Broadcasting from an airplane Long distance (DX) television reception Technical data (Rider, etc.)
Comparison of British and American pre-1945 sets Lucite TRK-12 replica project Television demonstrations
Online films Models, Makeup and Fashion for Television Television pioneers
First U.S. TV set for sale to the public NBC pre-1945 programming Television training schools
Franklin Roosevelt's pre-1945 TV sets NBC pre-1945 studio tour Theater television systems
Frequencies and Standards Online films and videos TV during World War Two
General Electric 1944 brochure Parts and equipment catalogs Union Carbide 1945 advertisement
Get Ready Now to Sell Television - 1944 book Prewar sets at the Popov Museum in Russia Uzbekistan - 1928 TV experiments?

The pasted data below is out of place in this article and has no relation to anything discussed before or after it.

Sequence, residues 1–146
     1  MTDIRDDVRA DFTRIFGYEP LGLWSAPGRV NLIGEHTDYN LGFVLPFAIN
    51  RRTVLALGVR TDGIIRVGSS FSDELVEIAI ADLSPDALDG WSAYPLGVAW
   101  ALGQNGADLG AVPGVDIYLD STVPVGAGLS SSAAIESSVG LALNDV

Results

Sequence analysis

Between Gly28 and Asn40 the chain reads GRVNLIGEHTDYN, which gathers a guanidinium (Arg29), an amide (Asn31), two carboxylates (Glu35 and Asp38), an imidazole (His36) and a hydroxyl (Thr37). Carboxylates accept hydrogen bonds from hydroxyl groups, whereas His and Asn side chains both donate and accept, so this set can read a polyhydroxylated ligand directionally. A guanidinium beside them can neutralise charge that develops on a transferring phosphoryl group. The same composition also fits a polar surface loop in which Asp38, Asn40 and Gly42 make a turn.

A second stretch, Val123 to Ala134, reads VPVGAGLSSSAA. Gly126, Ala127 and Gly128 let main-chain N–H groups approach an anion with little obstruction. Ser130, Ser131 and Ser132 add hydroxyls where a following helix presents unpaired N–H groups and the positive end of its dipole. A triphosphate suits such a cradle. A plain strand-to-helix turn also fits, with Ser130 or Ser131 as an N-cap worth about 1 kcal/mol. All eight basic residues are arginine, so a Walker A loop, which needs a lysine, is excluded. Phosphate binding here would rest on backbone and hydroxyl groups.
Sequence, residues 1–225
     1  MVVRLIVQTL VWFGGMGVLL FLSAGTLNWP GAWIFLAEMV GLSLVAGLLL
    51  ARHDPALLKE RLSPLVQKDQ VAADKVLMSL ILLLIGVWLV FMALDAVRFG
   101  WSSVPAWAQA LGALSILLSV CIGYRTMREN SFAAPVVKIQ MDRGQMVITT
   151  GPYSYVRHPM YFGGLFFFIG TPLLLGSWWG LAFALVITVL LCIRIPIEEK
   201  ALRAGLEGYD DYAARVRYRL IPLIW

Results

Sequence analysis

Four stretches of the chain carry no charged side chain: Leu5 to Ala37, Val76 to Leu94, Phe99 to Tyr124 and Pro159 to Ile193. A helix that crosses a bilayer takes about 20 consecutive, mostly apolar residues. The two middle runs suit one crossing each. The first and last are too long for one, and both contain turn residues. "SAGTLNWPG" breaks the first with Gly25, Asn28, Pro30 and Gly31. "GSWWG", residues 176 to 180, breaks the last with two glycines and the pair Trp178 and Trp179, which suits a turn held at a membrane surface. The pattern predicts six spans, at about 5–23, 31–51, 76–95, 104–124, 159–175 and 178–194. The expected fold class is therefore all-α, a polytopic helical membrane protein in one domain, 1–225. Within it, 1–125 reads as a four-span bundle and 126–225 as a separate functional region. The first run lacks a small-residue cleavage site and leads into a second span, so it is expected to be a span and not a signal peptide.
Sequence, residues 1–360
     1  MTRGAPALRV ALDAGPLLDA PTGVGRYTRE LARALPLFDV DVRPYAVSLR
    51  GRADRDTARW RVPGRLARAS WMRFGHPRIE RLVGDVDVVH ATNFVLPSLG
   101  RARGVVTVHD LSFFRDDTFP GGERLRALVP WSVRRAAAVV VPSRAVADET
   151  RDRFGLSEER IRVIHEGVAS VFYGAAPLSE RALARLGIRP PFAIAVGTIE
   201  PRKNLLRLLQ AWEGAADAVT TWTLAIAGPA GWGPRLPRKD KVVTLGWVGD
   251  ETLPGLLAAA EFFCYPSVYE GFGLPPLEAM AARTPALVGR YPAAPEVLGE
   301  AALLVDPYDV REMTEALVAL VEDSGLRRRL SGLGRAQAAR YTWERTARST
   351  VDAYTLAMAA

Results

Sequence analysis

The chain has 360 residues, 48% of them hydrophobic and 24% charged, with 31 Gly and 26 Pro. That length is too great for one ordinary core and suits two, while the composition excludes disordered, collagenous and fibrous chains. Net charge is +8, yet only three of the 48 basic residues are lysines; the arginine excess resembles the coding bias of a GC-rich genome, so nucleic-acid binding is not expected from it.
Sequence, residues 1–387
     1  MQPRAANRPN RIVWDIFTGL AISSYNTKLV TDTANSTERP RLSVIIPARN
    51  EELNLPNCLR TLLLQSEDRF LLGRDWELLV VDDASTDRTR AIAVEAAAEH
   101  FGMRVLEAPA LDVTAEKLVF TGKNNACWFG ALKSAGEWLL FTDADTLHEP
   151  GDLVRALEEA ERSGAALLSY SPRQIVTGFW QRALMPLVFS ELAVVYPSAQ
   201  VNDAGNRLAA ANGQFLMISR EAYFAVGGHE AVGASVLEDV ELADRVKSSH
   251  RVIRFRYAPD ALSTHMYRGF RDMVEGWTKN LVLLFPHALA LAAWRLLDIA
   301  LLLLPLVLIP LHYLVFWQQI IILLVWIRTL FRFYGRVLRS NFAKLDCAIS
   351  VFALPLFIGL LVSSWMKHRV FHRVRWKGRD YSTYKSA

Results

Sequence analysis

American Sets in our collection

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Andrea 1-F-5

 

Andrea Kit in Custom Cabinet  

Andrea KT-E-5

Andrea 2-F-12

Andrea 8-F-12

Bell & Howell Projection 

DuMont 180

DuMont 183X

General Electric HM-171 

General Electric HM-185 

General Electric HM-225

General Electric HM-226

General Electric Model 90

Meissner 10-1153 Kit  

Meissner 10-1153 Kit in Factory Cabinet
 

RCA RR-359

RCA TT-5

RCA TRK-5

RCA TRK-9

RCA TRK-12

RCA 1939 Kit Chassis

Sparton 10B

Westinghouse WRT-700

Westinghouse WRT-701  

 

Westinghouse WRT-702

Westinghouse WRT-703

British Sets in our collection

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Baird T-18C *

Baird T-23 

Cossor 54

Cossor 137T

Cossor 1210

Ekco TA201 

HMV 900

HMV 901

HMV 902

HMV 904

HMV 905 

HMV 907 

HMV 1800  

Marconi 702

Marconi 705

Marconi 707 

Marconi 709

Murphy A58V

 

Pye 815

Pye 817

RGD 382RG

Unidentified Model